Such passages recur across Mantel’s fiction and nonfiction—what does she mean by them? Something to do with how flesh analogizes failing spirit, and vice versa. Learning to Talk ends with a singularly odd story, “Giving Up the Ghost,” that reads as if condensed from Mantel’s memoir of the same title, published in the same year, or as a review of sorts of that volume. Giving Up the Ghost (the book, that is) begins with the apparition of the author’s stepfather, Jack: or the ghost might be simply an artifact of recurrent migraine. The memoir goes on to describe years of ill health and chronic pain due to undiagnosed endometriosis. Sickness also haunts Learning to Talk: an intermittent presence in childhood, a horizon, perhaps, toward which everything is moving. It’s part of the wider project or tendency in Mantel’s work: to explore, as she does so lucidly and strangely here, the hinterland between emotional history and anxious embodiment.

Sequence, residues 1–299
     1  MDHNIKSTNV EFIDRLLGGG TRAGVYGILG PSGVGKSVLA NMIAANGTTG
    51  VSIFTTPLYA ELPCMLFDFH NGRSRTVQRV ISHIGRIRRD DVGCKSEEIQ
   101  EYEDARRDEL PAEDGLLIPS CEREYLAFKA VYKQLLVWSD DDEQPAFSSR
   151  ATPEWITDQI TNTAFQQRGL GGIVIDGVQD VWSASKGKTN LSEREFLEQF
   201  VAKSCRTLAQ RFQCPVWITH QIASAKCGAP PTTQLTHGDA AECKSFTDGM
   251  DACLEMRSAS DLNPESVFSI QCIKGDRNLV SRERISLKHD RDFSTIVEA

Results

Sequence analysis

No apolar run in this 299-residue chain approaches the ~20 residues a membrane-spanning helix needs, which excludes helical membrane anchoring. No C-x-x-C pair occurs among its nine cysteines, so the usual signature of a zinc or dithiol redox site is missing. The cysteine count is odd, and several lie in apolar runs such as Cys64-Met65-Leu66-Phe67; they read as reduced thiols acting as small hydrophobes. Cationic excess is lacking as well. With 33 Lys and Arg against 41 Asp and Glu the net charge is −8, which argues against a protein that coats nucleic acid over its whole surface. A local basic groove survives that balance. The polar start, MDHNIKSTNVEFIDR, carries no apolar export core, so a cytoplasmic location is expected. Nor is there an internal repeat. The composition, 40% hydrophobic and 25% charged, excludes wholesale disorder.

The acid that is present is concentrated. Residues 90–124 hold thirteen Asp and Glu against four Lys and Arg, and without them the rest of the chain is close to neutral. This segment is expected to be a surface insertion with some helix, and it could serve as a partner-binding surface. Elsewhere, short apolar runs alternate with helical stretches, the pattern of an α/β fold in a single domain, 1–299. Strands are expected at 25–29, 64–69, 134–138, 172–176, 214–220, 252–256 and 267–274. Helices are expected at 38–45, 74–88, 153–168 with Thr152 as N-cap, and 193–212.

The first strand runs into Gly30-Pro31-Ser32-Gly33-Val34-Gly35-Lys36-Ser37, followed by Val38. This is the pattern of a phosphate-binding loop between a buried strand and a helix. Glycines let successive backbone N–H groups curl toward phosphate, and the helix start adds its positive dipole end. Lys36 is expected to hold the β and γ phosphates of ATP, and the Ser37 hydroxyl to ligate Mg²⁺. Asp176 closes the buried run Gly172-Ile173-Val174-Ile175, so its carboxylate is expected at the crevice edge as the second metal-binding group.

Brian Dillon’s Essayism and Suppose a Sentence are published by New York Review Books. Affinities, a book mostly about photographs, will be published in spring 2023.

Bodies turn into things, things turn into bodies: a collection of “autoscopic” stories reveal the unsettling oddness of youth.